We all know how it is. You’d like to get out to see a new movie this weekend, but you can’t find a babysitter or you are the babysitter or you know that the gorgeous weather most of the U.S. is promised for this weekend means you won’t want to do anything but sit on … more…
Forget everything you know about the joke that Rocky Balboa has become in the three decades since he made his screen debut, and just think back to that first film, to its raw power and surprising sensitivity and hard beauty.
Is it just me, or is there something really sweet about Mark Wahlberg? Not to suggest he’s not all manly and muscly and footbally or anything…
Oh, but this is a sucker punch of a movie, harsh and sere and so thoroughly unsentimental that it seems to have active contempt for lesser movies that pander to the audience’s desire to walk out of the theater feeling good and happy and that all is right in the world. This is like winning the lottery and getting hit by a train on your way to cash in your ticket. This is not for anyone who feels the need to escape real life at the multiplex. This *is* real life, as real as film gets. You are warned.
That teaser trailer — you know the one I’m talking about — with the fat old ex-superhero struggling to get into his spandex costume? It left such a bad taste in my mouth whenever I contemplated the film that must go with it. I imagined a gang of former masked crusaders called out of happy retirement, reluctantly huffing and puffing their way back into action, replete with very unfunny cracks about getting fat and old, and probably with an even more unfunny getting-into-shape-a-la-*Rocky* sequence thrown in for good measure.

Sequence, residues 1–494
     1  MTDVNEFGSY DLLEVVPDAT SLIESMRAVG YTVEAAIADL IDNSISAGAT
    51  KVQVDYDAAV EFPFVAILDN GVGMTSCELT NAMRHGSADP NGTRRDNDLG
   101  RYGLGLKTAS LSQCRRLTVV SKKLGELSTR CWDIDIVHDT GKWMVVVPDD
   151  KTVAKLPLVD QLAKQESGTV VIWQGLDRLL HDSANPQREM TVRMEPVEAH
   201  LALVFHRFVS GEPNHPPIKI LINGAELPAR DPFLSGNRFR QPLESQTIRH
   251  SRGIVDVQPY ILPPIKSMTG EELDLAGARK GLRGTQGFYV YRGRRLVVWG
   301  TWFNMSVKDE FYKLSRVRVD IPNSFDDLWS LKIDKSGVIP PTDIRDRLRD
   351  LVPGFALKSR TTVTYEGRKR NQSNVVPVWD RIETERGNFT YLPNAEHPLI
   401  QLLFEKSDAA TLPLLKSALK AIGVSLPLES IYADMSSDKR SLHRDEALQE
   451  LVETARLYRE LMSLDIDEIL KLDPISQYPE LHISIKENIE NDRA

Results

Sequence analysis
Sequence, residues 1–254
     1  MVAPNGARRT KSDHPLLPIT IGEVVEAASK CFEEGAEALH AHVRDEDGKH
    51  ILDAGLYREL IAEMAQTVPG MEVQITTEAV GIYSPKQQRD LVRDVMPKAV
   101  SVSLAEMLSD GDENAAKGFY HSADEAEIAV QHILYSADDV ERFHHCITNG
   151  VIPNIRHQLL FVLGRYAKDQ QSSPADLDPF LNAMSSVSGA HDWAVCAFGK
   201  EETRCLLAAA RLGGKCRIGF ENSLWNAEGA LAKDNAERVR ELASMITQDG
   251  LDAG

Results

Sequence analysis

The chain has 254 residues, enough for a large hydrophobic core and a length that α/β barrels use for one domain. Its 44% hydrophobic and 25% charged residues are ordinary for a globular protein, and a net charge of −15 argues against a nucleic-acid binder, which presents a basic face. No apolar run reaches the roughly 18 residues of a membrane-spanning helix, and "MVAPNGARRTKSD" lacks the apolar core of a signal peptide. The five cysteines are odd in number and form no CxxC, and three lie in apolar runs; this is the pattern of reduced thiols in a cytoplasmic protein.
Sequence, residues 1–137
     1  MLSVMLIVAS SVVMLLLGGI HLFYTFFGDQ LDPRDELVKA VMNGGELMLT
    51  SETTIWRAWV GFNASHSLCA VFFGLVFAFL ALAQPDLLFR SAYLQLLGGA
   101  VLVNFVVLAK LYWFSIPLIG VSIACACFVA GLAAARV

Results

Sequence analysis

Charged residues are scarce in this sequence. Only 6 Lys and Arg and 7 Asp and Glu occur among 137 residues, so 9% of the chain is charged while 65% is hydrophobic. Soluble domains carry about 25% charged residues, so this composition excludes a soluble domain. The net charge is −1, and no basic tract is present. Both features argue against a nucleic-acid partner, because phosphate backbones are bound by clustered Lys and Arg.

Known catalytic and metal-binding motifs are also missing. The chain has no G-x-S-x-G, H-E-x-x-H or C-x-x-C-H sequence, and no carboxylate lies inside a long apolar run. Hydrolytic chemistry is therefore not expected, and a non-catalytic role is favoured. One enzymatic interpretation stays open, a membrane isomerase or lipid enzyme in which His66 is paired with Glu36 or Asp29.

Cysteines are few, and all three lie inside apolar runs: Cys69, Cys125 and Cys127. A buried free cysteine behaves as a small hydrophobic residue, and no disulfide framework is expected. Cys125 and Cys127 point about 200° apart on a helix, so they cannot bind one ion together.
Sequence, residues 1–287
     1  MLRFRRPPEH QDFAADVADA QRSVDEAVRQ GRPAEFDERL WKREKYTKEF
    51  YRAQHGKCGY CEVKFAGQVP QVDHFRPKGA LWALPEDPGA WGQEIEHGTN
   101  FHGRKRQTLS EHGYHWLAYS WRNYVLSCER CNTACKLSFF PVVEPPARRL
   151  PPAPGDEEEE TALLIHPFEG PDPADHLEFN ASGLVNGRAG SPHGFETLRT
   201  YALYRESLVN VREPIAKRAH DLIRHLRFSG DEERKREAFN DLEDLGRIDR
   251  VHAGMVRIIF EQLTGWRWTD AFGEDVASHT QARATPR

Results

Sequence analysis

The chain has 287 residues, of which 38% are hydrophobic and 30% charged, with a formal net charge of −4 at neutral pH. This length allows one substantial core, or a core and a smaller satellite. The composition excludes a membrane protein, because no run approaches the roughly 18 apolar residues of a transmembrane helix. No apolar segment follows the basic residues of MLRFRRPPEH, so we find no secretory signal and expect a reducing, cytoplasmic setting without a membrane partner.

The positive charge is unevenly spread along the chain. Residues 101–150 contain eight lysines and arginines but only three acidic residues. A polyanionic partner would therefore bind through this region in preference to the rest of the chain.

The other great movie about boxing, Martin Scorsese’s *Raging Bull* is as dismal as *Rocky* is triumphant, as hopeless as *Rocky* is hopeful.
It comes as a bit of a shock to be reminded that, after so many years of movies the likes of Daylight and Oscar, that our man Sly got his start not only as the star of this superb movie but also as its screenwriter. This tender movie, on the surface about the most violent of sports, is really a Marty-esque romance about two lonely people reaching out to each other.